Todo, menos morir by Alina Gadea
Todo, menos morir. Alina Gadea. Lima: Emecé, 2020. 100 pages.
Thematically, we can point to the profound coherence of Gadea’s narrative universe. Each of these works explores the characters’ private lives and, in one way or another, probes their darkest emotions and most traumatic, disturbing experiences. By delving into such emotional depths, these narratives avoid falling into the trap of purely confessional stories.
Gadea engages introspection frequently in her work through focalizations and an effective use of the narrative point of view. Motifs such as illness, disorder, breakdowns, loss, the line between sanity and madness, and the exaltation of emotions are concerns within Gadea’s fictional universe, as well as that of her contemporaries. Albeit from different angles, writers such as Margarita García Robayo, Ariana Harwicz and Jennifer Thorndike, to name a few, share Gadea’s interest in exploring the boundaries of illness and the limits of what is considered normal.
In Otra vida para Doris Kaplan, a key event is a father’s death, which plays out alongside another plotline: the Peruvian armed conflict of the 1980s and 1990s. This double narrative gives rise to an intense interchange in which the private and the public engage in a dramatic dialogue through the characters’ experiences.
Obsesión depicts a developing romantic relationship between a patient and her psychiatrist, although both parties experience this relationship in eminently different ways: for the psychiatrist, it represents a disruption to his existence and lifestyle, while the patient sees it as the beginning of a balanced relationship, one she has long desired.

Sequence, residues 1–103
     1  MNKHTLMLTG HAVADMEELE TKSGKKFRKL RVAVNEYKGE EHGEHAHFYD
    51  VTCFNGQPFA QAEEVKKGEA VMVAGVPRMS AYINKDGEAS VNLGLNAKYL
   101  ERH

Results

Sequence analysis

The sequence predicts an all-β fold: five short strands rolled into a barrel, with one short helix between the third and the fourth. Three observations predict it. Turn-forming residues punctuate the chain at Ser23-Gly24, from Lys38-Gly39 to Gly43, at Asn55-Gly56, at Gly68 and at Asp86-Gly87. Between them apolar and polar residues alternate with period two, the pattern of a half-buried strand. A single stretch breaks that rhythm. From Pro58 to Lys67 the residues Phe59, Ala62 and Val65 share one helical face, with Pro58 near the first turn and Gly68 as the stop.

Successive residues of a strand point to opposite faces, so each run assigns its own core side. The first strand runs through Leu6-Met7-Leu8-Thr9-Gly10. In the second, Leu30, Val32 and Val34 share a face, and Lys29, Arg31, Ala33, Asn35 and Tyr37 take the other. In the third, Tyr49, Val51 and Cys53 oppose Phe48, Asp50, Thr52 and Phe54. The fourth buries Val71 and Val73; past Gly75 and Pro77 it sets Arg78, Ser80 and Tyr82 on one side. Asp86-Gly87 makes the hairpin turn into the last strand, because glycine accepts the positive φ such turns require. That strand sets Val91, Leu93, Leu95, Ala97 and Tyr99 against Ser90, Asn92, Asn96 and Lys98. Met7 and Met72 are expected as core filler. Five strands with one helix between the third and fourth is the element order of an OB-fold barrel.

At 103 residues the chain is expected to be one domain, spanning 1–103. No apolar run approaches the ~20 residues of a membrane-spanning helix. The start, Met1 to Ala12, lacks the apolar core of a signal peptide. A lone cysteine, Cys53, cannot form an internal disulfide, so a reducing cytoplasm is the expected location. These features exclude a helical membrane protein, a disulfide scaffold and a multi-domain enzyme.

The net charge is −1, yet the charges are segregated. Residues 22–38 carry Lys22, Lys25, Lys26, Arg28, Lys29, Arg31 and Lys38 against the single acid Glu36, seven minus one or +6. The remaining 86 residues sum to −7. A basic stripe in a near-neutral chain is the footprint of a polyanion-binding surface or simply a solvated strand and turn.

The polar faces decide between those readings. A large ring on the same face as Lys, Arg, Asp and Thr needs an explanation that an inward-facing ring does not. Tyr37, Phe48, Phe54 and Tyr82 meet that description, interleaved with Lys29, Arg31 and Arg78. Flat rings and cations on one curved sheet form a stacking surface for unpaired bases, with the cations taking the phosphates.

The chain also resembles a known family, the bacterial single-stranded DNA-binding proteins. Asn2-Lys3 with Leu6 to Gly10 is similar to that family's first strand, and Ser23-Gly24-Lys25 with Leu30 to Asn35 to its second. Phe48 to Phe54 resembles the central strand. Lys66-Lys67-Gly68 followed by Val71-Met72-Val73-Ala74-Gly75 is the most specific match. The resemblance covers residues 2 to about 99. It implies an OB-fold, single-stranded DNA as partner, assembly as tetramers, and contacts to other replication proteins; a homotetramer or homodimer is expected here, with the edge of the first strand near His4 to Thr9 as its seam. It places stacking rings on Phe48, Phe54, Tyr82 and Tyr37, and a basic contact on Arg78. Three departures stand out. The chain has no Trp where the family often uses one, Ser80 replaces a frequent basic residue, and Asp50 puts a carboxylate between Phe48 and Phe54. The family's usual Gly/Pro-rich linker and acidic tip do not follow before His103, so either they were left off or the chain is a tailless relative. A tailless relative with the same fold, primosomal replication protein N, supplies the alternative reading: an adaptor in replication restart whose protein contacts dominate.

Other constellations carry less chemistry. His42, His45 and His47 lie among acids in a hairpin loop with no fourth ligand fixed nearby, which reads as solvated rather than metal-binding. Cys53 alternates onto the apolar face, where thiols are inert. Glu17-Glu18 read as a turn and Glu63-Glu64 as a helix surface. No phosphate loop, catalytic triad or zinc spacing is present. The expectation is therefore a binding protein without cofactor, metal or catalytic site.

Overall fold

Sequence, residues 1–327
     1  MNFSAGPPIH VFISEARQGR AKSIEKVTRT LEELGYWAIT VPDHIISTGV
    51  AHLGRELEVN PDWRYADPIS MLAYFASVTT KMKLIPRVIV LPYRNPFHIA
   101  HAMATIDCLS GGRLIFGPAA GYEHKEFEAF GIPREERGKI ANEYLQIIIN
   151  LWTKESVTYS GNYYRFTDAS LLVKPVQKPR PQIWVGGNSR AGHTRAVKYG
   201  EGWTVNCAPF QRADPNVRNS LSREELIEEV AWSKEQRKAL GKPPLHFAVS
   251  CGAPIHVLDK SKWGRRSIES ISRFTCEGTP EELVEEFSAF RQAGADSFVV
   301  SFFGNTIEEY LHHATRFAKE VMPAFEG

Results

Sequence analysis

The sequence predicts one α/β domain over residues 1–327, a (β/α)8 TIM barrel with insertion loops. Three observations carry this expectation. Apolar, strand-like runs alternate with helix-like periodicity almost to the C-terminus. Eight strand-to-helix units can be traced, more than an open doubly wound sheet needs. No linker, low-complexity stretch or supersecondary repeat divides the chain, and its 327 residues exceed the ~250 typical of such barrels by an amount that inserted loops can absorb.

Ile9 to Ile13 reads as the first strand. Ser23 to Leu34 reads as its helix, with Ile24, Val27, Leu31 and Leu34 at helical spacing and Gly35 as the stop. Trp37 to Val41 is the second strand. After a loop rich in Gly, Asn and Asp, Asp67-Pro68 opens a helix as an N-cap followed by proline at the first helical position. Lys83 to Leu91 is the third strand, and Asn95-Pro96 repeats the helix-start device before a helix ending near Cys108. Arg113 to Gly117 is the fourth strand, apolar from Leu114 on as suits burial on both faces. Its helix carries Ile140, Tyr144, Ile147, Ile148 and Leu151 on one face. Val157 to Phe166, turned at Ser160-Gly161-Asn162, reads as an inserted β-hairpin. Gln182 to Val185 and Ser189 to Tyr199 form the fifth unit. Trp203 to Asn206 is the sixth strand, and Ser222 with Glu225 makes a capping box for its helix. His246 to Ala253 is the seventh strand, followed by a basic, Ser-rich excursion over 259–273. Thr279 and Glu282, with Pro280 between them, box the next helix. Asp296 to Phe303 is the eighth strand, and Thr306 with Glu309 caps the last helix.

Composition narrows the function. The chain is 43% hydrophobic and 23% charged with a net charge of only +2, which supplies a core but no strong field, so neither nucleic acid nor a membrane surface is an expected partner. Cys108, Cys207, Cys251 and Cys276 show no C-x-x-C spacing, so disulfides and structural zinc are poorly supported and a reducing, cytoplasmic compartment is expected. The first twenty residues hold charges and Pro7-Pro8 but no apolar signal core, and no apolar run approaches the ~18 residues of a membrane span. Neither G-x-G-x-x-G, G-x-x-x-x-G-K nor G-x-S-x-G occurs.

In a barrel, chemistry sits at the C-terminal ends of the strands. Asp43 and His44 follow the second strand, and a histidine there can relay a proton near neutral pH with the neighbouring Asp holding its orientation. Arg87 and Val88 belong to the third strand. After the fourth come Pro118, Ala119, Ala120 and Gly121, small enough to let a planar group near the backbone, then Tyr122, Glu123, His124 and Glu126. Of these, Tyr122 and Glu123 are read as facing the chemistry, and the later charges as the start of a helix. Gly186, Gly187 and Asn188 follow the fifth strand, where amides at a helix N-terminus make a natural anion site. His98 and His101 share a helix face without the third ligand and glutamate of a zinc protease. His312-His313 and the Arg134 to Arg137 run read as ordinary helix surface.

In Destierro, the looming breakup of an intimate relationship (which we could call another kind of loss) is the central theme. Gadea offers fragmented sketches of the moments preceding emotional disaster, as well as all the emotions accompanying the mourning of intimacy that marks the characters’ lives.
La casa muerta narrates another version of an intense journey into one’s innermost self, a topic Gadea treats in each of her nouvelles. With a refined and concise language approximating poetry, Gadea outlines a space governed by memory and fantasy, eccentricity and surprise, obsession and melancholy, all within the closed, oppressive space of a house.
Todo, menos morir, Gadea’s most recent book, is no exception to the stylistic and thematic aspects of her narrative universe. On the contrary, it confirms her mastery of the genre and her sophisticated rendering of language that neither hides its pathos nor renounces the subtlety of poetry, which her prose often resembles.
Three narrative storylines converge in this novel. The first is of a couple in the midst of a crisis who go to the Larco Herrera Hospital in Lima for psychiatric help. In doing so, they resort to “the once magnificent shell of a building created to house those dispossessed of their own minds” [“ese resto de antiguo esplendor creado para albergar a los desheredados de sus mentes”] (11). The image of Peru’s most famous mental hospital is not superfluous, given it is where protagonist Sandro Tasso, Emilia’s spouse, creates a connection with Martín Adán, an eccentric and legendary Peruvian poet. Adán, as we recall, was admitted to Larco Herrera Hospital numerous times for alcoholism.